Pointe-Claire, August 21, 2020 – In June, WIAIH and Place Cartier’s Endeavour Program (Lester B. Pearson School Board) joined forces to develop unique and innovative summer programming for teens and adults with an intellectual disability or autism spectrum disorder. The goal was to create an 8-week long program to sustain and build upon the skills that students had developed throughout the school year, which is especially important this year since most community and educational summer programs could not be offered as a result of the COVID-19 health crisis.
In consultation with WIAIH, Endeavour staff created a structured activity book with a specific theme each week, ranging from superheroes, to music, to the environment, to Hollywood. Activities include games, math, reading comprehension, coloring, recipes, fitness, and much more. The added twist is that, because of the involvement of WIAIH, summer programming included a daily Zoom session so that participants could share and discuss the activities presented in the activity book.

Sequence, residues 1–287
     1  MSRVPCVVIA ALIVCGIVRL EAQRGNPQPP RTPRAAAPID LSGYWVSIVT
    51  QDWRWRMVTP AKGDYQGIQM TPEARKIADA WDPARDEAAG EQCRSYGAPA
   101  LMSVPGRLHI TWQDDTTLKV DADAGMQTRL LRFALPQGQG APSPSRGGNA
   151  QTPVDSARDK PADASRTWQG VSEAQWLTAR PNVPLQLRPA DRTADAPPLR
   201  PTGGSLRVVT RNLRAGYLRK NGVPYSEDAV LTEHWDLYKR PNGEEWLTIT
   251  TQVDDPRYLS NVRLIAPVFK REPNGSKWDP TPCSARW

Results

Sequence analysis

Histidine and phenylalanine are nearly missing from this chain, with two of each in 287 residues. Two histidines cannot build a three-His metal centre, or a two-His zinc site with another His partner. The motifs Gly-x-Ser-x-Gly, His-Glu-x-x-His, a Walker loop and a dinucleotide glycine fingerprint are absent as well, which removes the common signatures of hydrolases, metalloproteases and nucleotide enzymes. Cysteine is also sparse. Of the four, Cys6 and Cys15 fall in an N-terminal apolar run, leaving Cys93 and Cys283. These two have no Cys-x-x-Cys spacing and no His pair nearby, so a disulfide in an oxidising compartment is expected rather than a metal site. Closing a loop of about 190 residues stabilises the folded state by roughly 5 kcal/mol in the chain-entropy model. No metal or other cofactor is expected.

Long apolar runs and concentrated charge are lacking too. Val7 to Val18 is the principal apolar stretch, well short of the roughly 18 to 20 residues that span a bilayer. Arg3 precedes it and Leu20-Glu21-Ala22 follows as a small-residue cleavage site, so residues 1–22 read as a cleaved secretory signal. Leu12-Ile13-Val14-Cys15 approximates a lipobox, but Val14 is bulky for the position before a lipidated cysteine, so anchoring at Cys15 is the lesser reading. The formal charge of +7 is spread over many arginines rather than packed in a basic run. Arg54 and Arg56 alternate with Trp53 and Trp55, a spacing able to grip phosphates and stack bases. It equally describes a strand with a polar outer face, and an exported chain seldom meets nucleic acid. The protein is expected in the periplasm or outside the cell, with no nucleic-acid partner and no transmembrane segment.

Beyond Endeavour’s contribution in creating the activity book (which was printed at LBPSB head office) and WIAIH’s collaboration in supporting the development of online summer programming, the implementation of the project is supported by the Canadian Government’s Emergency Community Support Fund and Centraide of Greater Montreal. Their generosity has made possible the purchase of art supplies to prepare work kits to accompany the activity book for participants who may not have the resources to purchase paint, brushes, and the various materials required to get the maximum benefits from participating in the program. “We are very grateful to the Federal Government and Centraide for the support to this project that will allow participants who have been home for many months now to connect socially with their peers and continue to sustain and even further skills and abilities they have developed over time. It’s exciting to be able to offer such an activity at no cost to families who already struggle day-to-day,’ says Lyne Charlebois, Executive Director of WIAIH.